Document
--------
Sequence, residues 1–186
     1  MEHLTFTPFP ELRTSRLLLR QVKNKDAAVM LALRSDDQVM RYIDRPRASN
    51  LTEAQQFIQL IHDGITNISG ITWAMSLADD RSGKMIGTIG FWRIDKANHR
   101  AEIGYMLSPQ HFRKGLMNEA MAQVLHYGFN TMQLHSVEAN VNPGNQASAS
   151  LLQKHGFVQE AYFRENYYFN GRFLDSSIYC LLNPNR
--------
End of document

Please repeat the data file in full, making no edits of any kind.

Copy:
Sequence, residues 1–186
     1  MEHLTFTPFP ELRTSRLLLR QVKNKDAAVM LALRSDDQVM RYIDRPRASN
    51  LTEAQQFIQL IHDGITNISG ITWAMSLADD RSGKMIGTIG FWRIDKANHR
   101  AEIGYMLSPQ HFRKGLMNEA MAQVLHYGFN TMQLHSVEAN VNPGNQASAS
   151  LLQKHGFVQE AYFRENYYFN GRFLDSSIYC LLNPNR